Edinburgh Castle
Unfortunately since it was later in the day some of the locations in the castle were closed already so we decided to leave it until the next day. Afterward we looked around at some shops and then headed to meet the group to catch Metamorphosis. 
The walk was not that long and when we got there we had a chance to get some ice cream. This one person play is a world premier adaptation of a Franz Kafka story about a young man who imagines himself as if he were turned into a bug. Performed in Mandarin with English subtitles on side screens, the production was available from the International Art Festival that was running at the same time as the Fringe. This was another opportunity for our group to experience a different cultural concept of Theater.  The play was intense and extremely eye stimulating. Many Taiwanese dignitaries us joined for this grand performance.  After the show we had a brief discussion, and then off grab a late bite to eat. Our night ended early and we headed to bed so that we could be up for our 9 A.M meeting.
Planning is an integral part of moving smoothly from one place to another. after our meeting, Susan headed to the Fringe box office to secure her tickets to Blam! Being a popular show, it was always a good idea to identify the show that you wanted to watch, and get in line early so not to miss out. Waiting in a long line is a fun pass time. Visiting with folks from all over the world while online is a great way to find out where to go and what to do!  After 20 minutes in line, the tickets were safely secured for what was supposed to be a particularly exciting show. She headed down the hill to the Waverley train station  check out the tickets for her anticipated  next day's excursion to North Berwick, a small coastal town about 30 minutes by train from Edinburgh.   
Waverly Station
After having done this she walked back up the winding hill to one of the Fringe's main venues, the Pleasance.  At Pleasance many people gather to meet and discuss the best and worst plays that they have scene. There are picnic tables for eating, and comfortable leather chairs under tents to sip a pint of Cider, and say hello to a new friend. The Cider is cold , and there are lots of yummy places to get food.  Once the show was over, she grabbed a cab across town to  meet up with the rest of the group to see the world premier of  Metamorphosis.

Sunday, Aug. 11, 2013 

The entrance to the Fringe before the crowds gather.

The last full day in brings a lot of mixed feelings. Happy to be getting ready to go home, and many feelings about never wanting to leave. Sunday’s brief meeting provided last instructions on our 3:30 am departure. Yikes! Time to get organized, and pack up for our trip home to the U. S. . Most grabbed tickets for the Edinburgh Castle. We decided to spend an hour and half there just to explore.

 It was amazing and so massive! After the castle and many photos we headed to Camara Obscura! It had four floors of illusions and fun! We ended up spending a good amount of time there just looking around and taking pictures.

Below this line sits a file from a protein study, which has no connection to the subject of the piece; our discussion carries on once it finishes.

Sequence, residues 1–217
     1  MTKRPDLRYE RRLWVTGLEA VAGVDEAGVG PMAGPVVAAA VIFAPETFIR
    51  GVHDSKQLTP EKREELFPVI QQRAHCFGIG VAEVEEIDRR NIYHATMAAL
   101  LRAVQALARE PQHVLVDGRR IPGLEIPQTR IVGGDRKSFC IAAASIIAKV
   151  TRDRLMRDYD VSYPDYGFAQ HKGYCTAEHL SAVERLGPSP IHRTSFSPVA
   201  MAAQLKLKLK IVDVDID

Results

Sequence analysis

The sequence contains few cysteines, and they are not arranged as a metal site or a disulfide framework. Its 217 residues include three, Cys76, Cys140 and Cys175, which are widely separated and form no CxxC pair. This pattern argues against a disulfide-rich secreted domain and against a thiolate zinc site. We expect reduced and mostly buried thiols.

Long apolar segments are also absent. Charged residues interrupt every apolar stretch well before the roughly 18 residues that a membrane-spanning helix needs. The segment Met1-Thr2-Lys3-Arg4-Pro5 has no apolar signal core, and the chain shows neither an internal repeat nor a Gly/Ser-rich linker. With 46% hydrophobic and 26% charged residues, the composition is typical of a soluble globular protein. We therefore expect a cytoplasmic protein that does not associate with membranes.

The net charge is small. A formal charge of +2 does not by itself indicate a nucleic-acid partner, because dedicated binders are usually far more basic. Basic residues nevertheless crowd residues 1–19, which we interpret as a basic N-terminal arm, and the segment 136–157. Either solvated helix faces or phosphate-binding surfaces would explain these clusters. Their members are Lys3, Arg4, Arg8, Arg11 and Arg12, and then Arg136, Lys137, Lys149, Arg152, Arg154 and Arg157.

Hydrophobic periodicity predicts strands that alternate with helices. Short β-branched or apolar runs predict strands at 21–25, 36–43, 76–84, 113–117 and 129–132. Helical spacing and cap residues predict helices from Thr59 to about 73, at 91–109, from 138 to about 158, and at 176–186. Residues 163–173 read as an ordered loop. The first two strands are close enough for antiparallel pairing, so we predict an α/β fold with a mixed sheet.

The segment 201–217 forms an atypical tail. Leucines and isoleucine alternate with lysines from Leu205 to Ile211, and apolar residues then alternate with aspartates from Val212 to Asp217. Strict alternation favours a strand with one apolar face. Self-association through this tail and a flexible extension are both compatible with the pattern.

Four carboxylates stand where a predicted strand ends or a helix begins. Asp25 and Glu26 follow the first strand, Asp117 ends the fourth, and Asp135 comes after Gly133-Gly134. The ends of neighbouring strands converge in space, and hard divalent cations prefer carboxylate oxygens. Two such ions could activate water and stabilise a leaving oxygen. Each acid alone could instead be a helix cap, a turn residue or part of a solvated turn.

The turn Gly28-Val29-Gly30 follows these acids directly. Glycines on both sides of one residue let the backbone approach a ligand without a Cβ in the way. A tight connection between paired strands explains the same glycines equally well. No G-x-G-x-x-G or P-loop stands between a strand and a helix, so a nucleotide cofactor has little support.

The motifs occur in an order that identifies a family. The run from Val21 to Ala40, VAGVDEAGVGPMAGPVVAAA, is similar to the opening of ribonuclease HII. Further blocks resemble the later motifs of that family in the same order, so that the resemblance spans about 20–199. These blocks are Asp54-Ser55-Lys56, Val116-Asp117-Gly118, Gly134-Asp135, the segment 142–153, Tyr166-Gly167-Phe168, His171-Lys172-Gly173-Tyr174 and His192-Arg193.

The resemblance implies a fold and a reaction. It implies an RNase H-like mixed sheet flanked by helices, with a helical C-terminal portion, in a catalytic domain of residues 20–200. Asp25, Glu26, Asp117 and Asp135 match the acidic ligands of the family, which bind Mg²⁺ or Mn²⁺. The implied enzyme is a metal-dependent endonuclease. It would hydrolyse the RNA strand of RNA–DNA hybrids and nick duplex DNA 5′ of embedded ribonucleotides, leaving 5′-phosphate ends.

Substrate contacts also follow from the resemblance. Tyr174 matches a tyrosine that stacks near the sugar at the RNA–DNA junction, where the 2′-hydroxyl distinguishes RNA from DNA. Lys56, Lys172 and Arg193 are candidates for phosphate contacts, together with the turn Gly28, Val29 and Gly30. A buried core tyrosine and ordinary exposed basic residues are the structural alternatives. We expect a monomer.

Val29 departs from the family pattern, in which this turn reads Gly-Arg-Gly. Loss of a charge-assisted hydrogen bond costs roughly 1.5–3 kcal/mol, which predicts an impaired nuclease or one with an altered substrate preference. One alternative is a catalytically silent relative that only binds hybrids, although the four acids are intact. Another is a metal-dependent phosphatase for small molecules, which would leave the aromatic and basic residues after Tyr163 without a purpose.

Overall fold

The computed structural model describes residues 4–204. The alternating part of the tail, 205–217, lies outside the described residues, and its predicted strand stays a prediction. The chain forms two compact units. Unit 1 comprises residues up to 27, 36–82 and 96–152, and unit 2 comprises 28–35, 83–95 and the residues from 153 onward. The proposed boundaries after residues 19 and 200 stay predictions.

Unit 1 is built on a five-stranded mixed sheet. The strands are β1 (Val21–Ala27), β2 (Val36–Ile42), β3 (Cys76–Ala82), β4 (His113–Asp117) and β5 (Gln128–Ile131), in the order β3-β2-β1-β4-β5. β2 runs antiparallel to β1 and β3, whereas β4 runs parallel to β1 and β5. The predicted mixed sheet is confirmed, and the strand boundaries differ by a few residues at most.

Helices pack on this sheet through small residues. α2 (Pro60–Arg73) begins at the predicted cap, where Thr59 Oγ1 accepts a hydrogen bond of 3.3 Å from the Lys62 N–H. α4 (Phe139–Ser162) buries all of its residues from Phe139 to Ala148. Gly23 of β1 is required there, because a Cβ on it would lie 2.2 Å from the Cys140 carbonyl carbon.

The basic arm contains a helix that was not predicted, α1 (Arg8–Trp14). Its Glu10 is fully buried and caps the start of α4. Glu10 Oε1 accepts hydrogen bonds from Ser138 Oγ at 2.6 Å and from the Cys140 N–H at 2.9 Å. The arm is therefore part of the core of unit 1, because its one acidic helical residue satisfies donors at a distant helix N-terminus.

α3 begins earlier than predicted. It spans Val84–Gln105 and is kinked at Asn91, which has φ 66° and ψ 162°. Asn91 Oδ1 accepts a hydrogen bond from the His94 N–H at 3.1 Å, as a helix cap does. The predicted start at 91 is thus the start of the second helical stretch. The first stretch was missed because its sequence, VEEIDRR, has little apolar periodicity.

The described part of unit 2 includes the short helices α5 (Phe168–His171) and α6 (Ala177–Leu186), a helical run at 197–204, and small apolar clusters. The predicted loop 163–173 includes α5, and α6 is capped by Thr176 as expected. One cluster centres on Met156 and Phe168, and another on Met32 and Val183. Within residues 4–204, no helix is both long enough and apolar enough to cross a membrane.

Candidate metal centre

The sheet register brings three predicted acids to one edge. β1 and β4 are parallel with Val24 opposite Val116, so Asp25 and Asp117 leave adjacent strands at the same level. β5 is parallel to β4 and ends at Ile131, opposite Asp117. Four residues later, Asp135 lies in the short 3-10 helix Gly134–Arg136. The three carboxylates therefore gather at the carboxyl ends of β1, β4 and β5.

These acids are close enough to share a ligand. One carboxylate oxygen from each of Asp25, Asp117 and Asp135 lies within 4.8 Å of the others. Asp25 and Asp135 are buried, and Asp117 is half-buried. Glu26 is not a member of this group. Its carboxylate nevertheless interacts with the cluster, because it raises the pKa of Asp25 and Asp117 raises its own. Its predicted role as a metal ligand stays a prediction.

Live moving images projected onto a viewing table through a giant periscope.

After that fun adventure we grabbed a bite to eat at Scooby Doo and then headed off to do some last minute shopping. Since there was no central shopping market as in London,  it was harder to find good items for a cheap price. After shopping we headed to the hostel to just relax a bit before we headed to see Blam! Kind of like watching The Office on steroids, the characters in Blam transform, not only themselves, but the entire stage from a mild mannered office to a full blown super heroes action show. Wow! 
There is so much to do and see in this action packed period of 2 weeks, that sometimes a side trip may be necessary. Susan had the privilege of traveling by train to North Berwick, which is about 1/2 hour away. Traveling through the country side is lovely with rolling hills and farm land  with grazing sheep and cows. Nestled on the Firth of Forth it is a pleasant seaside village. The firth, opens up and heads out into the North Sea. This was the home to the Open Golf Tournament just a few weeks before. The winds were brisk, but the sun was warm. One can also go to venues there, as the Fringe has expanded out to the seashore. Not much was happening that day, but there were many tourists walking the beach visiting local pubs and shops.

The tides range up to 12- 20 feet, so there is lots of sand to walk along when the tide is out. Boats take visitors out for bird watching on an out island. The waters are quite chilly, so not many bathers, but the air is clear, and on that day, quite blue. Locals say that it gets very stormy, and the waves crash over the break water. That would be worth returning to see.

Boats sit lazily in the mud with their masts clanging in the wind as they wait for the sea to return and bring them back afloat.
 Stone vacation homes line the side walks, and smaller village cottages rest in a row, with cobblestones and flowers welcoming visitors and camera buffs alike. 

Fish and Chips are in order. Or you can order the Sunday special of Roast Beef and Yorkshire pudding at the Golfer's Restaurant. But a and a pint of Carlsberg must accompany whatever you decide. After doing a bit more wondering, a local tea room is a welcome last stop for a piece of Victoria cake and fresh sponge cake filled with cream and jam.